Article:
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A World of Women (SF) - J. D. Beresford ****

The MIT Press series 'Radium Age' introduces us to science fiction from the sometimes forgotten period between pioneers such as Wells and Verne and the pulp era. This was relatively easy to do with the introductory collection of short stories, Voices from the Radium Age, as the SF short story was already a fairly polished form by then, but many of the novels of the period were turgid - finding one that is both illustrative and still readable must have been something of a challenge. Although A World of Women has its tedious passages, it is nonetheless an eye-opener.

Of course, the editors must have thought they had struck gold when they saw what it featured - a pandemic (described as a plague) that starts in China then spreads relentlessly around the world. There is particular resonance early on with Covid, when John Davys Beresford gives us a debate between the economics of staying open to the world and the potential benefit of closing borders immediately. But there is one huge difference with a real pandemic - this plague is almost always deadly for men, but spares most women.

This gives Beresford the opportunity in this his second novel, dating back to 1913 (he would go on to write until the 1940s) to pull apart the stuffy attitudes of Edwardian society and to consider ways in which he thought women would do things differently, on top of the usual post-apocalyptic 'how will an industrialised society survive without any of the usual services?' question. We see many dying of starvation before a return to the land and a medieval-level agricultural existence becomes common.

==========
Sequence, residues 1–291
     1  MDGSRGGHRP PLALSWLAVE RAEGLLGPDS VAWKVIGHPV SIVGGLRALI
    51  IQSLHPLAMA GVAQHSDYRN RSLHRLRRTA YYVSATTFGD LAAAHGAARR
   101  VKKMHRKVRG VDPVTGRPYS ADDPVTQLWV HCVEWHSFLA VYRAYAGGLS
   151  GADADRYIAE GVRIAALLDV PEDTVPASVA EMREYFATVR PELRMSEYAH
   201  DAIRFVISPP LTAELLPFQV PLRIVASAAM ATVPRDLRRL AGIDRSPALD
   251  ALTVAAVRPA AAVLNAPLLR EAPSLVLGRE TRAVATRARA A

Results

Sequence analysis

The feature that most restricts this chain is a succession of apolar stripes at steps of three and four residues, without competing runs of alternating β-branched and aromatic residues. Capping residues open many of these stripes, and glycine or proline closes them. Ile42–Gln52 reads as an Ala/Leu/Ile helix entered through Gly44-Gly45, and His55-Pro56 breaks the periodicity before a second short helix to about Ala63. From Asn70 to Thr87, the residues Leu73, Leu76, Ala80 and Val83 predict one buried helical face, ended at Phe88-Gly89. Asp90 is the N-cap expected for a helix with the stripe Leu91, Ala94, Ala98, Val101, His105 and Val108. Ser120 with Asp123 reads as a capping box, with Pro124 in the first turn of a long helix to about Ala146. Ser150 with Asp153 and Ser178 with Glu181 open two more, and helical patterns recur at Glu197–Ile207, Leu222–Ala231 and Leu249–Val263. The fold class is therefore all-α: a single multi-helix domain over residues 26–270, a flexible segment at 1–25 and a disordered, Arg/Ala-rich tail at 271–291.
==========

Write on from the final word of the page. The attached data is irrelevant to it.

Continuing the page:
There are some problems. Apart from the boring bits of exposition, despite his relative modernity on such things as sex outside marriage, Beresford is mired in the antisemitism, and class and gender prejudices, of his age. He claims that in the new society the old ideas of class don't matter, describing titled ladies working in the fields alongside farmers' widows - yet his portrayal of the Goslings, the central family in the story, (the book was originally called The Goslings) is riddled with the author's casual disdain for the intelligence of the working class, and the idea that women would find it difficult to understand anything requiring logic, not helped by a painful attempt to spell out a cockneyish accent worthy of Dick van Dyke in the family's speech.

There's also a fudged ending that is distinctly uninspiring. However, this is a genuinely interesting SF novel with what was, for the period, particularly original thinking. It's a real asset to the series.

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